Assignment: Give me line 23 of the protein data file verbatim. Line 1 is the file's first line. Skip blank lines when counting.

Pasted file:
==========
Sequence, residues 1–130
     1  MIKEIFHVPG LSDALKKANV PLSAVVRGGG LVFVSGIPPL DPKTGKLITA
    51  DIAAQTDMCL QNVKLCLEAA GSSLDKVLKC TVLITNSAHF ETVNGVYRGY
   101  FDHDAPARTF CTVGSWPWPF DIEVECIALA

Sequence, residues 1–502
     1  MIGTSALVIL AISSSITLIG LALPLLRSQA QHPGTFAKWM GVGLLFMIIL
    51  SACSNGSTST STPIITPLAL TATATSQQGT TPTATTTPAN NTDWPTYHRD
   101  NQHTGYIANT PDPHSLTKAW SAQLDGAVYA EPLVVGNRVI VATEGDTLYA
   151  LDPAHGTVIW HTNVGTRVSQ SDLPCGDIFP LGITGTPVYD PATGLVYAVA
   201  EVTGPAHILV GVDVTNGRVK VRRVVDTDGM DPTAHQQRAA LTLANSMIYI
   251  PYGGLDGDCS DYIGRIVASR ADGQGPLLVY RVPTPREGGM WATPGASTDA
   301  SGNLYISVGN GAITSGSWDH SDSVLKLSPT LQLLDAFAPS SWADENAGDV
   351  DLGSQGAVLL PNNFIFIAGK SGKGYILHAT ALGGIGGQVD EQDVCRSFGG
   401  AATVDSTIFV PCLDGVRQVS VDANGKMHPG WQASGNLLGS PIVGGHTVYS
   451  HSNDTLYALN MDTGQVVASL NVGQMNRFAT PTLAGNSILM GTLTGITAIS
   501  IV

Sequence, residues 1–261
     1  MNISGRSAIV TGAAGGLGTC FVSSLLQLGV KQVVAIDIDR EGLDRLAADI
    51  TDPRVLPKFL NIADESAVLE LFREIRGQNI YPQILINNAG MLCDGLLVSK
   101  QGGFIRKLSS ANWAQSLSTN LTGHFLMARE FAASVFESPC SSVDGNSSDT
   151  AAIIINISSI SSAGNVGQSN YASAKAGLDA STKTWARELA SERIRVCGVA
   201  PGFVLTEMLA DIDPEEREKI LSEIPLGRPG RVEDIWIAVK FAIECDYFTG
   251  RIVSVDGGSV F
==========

   251  RIVSVDGGSV F